James Watt concluded that a horse could produce about 33,000 ft-lbf/second of power (he was wrong. Horses can routinely produce and sustain more than a horsepower, and there is significant feeling in the engineering and communities that he chose 33,000 ft-lbf/min knowing that this was significantly less than a horse could produce as he wanted to sell steam engines to replace those horses ;))
 

wsimpso1

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80 percent efficiency is pretty good, but I doubt very many airplanes see that at any time during their takeoff run. NONE get that at the moment of brake release on a calm day. A variable pitch prop can only help with part of the problem. At low speeds, you need a large diameter to be efficient. The famous Daedalus human powered airplane used an 11.3 foot prop to absorb a fraction of a horsepower at something like 15 mph, at low rpm.
The reason most props are not more than 80% efficient on takeoff is because most props are designed for best efficiency in cruise. If you wanted a prop to be 80% efficient at low speeds and low power, you could do that. You could even design it for that efficiency at zero speed, if you were measuring change in air energy in the thrust direction per unit power input. On the other hand, total propulsive efficiency is always zero when you are not moving- that is called "trivial case".

As to size for efficiency, you are now confusing Efficiency with Effectiveness. EffIciency is the ratio of work made good vs work input. In props that has to do with how much air moved by how much change in velocity is made on the air. Small props can have high efficiency, but will still be lower static thrust than a larger prop at same efficiency. Helicopters use large rotors for this reason - larger props mean more static thrust from any given amount of power. Daedalus needed a large lightly loaded slow turning prop to make enough thrust from one human to drag a large lightly loaded airframe into the air.

Billski
 
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lr27

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I think your version of efficiency may be good for fans, but for airplanes I think the correct unit of measure is thrust times airspeed divided by shaft power. If it doesn't show up as thrust, the airplane can't really use it, even if you knock over that guy standing 100 feet back, directly in line with the prop's axis.

You could put 100 hp into a teensy prop that transferred 80 percent of the shaft horsepower into the kinetic energy of a Mach 0.5 stream of air. However, it wouldn't fly a cub as well as a 40 hp engine turning 2,000 rpm with a large prop.
It's possible to define efficiency in useful ways and in less than useful ways. I once participated in a wave energy project with a device which we calculated as 140 percent efficient. If that had been true with an appropriate definition of efficiency, we would have had the trickier half of a perpetual motion machine. Alas, it was not to be.
 

Dan Thomas

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As I recall, the right version of a fully loaded 747 can get the equivalent of over 110 seat miles per gallon on a medium long trip. I don't remember just how long, but I think it was more than 1,000 miles.
I think a Greyhound bus could do better than that. 4 MPG (guessing here) times 45 pax is 180 seat-miles per gallon.
 

lr27

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Obviously, no airborne vehicle will beat a well faired bicycle with a teensy motor or a truly lightweight, streamlined rail vehicle, or a sailing ship At least on seat miles per gallon.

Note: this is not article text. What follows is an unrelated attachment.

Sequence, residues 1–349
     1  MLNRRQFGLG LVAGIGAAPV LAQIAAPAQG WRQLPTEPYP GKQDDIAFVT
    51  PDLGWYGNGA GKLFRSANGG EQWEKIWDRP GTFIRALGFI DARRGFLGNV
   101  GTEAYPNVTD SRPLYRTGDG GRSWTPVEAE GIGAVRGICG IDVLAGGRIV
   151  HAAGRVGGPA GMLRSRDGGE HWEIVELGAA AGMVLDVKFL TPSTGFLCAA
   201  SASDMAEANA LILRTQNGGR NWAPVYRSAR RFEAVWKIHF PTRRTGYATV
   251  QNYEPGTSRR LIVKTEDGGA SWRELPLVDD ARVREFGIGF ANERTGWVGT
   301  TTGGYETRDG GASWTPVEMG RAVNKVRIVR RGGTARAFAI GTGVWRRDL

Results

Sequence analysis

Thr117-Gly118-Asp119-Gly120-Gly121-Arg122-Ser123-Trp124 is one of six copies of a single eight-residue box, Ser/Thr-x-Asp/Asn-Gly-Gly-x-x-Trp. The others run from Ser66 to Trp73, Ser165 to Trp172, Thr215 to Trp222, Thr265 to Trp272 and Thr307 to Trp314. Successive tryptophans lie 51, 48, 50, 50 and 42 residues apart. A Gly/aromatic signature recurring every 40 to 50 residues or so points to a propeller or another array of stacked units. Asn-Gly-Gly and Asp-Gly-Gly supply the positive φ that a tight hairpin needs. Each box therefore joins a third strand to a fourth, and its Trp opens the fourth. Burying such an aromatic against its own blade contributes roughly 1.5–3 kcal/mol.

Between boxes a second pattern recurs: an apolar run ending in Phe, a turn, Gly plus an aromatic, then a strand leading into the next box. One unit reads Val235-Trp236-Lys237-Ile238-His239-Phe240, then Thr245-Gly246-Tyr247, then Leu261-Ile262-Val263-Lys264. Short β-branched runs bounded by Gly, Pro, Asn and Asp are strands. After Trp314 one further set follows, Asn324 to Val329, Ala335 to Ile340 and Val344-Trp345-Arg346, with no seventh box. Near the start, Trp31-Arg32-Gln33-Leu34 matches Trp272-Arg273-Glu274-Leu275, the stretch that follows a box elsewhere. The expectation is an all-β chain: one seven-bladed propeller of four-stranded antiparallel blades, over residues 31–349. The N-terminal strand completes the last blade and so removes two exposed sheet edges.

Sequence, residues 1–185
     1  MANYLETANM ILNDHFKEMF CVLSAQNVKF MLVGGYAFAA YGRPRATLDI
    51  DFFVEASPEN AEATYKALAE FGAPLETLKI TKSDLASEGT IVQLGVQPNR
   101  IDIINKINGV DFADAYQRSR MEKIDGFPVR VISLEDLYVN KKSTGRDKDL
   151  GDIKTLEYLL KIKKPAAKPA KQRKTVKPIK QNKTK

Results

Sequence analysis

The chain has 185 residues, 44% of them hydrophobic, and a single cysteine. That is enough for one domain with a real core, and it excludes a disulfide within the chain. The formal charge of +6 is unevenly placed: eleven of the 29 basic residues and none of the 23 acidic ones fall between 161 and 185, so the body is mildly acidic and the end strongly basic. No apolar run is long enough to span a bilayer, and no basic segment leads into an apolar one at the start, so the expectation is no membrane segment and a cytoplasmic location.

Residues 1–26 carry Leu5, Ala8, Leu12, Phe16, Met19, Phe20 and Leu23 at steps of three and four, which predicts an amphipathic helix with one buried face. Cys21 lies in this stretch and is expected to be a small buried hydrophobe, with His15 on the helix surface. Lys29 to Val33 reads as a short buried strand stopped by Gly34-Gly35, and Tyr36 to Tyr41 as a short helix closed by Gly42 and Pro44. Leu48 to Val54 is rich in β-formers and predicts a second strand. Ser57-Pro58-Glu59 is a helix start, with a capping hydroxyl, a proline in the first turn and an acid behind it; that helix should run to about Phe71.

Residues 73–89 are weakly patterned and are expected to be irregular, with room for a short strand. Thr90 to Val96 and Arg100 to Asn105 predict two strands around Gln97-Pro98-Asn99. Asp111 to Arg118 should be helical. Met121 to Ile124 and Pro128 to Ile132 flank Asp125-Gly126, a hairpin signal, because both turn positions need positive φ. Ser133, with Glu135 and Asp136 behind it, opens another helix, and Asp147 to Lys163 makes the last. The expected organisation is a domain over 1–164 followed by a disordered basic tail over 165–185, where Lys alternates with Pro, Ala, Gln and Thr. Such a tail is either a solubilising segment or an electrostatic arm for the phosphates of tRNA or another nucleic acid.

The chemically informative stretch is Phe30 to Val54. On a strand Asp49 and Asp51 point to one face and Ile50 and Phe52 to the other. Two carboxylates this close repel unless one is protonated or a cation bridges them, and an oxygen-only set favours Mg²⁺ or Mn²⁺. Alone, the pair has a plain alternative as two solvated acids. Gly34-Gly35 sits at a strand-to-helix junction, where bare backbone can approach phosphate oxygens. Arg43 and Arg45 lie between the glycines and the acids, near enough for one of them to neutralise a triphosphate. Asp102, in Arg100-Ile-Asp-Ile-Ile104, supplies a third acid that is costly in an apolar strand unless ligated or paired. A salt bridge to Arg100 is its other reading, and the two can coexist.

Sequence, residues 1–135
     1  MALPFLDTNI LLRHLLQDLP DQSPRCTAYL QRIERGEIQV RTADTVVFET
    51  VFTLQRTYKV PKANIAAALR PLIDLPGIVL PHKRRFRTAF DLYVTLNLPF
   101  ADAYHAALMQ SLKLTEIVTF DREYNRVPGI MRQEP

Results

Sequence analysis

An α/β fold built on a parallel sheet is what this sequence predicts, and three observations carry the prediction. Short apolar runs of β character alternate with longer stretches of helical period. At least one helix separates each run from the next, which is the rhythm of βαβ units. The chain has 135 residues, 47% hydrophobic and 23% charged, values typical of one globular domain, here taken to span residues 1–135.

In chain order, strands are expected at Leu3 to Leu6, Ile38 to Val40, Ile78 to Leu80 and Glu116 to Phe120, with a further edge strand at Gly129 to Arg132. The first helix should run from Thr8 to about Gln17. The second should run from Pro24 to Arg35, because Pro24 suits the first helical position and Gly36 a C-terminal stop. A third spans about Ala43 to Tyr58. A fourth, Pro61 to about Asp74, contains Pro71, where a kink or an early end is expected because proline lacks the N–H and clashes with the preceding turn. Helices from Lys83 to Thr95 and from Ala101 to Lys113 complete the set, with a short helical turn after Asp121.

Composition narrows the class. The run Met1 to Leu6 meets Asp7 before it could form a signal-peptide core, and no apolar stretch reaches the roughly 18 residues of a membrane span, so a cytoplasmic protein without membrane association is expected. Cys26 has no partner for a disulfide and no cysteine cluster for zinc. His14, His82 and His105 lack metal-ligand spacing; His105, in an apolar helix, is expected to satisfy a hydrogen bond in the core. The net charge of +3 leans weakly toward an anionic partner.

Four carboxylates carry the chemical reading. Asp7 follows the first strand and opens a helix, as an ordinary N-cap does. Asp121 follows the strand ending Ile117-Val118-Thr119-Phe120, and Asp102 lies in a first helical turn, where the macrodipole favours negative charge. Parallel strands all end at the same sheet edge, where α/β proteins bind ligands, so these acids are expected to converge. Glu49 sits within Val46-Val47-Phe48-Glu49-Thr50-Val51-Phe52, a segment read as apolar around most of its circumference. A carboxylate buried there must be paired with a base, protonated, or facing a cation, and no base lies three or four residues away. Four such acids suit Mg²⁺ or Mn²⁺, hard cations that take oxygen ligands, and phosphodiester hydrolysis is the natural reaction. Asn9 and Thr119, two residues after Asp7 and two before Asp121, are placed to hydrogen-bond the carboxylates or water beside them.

proppastie

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Obviously, no airborne vehicle will beat a well faired bicycle with a teensy motor or a truly lightweight, streamlined rail vehicle, or a sailing ship At least on seat miles per gallon.
Hill launch or winch launch glider.
 

wsimpso1

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For how many seconds? 100W is the sustained output per day of a average healthy person. Athletes can double that. Peak hp from a horse is around 15. But if you want it to work for 10 hours, it is 1 horsepower. From a fit human, the peak is over 1. At the age of 18, I somehow got into a pissing contest with someone. It involved running up 3 flights of stairs, carrying sacks of flour. I won. I manged to do it with 220lb of flour on my shoulders. I was quite glad when he admitted defeat...

The English Electric Wren flew on 8hp, and managed 50mph 87.5mpg. It was not very spritely, however.
Hmm, OK, let's do data.

Adult humans have about 100W of waste heat just sitting in a chair. That is 0% efficiency, but without it, that human is DEAD, so that poor efficiency is acceptable.

Couch potatoes may only be up to generating 100 W of motive power, either moving themselves around or walking on a drum windlass to run a crane on an ongoing basis, but professional cyclists can make 400 W continuously for several hours a day, every day. It is just a matter of how well trained the human in question is at processing oxygen and how many calories they consume.

And the point of my observation on my personal peak horsepower? When someone says something has horsepower, some folks see a galloping race horse. This 63 year old man can make a couple HP for a few seconds. When somebody says two to three horsepower, this 63 year old man does not see a galloping horse, he sees a critter with six to ten times his muscle mass at a modest walk turning a windlass all day long and hardly get worked up. One horsepower is a pretty anemic horse, but it does lift 550 pounds one foot per second. It is just a unit of work per unit time that Watt came up with to market his steam engines, and most students of the topic know that he underestimated how much a horse could do to his benefit.

Billski